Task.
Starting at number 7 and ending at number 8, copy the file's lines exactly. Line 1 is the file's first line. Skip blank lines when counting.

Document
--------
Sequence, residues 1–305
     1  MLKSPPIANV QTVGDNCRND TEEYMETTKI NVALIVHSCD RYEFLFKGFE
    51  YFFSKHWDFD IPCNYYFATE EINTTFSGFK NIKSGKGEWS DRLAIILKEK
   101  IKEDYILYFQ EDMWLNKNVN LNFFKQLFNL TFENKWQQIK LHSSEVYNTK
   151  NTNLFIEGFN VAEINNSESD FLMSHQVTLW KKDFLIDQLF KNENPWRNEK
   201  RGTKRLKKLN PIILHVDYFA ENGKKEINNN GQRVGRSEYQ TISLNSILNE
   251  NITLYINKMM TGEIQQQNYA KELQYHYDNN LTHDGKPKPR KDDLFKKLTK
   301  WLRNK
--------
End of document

   251  NITLYINKMM TGEIQQQNYA KELQYHYDNN LTHDGKPKPR KDDLFKKLTK
   301  WLRNK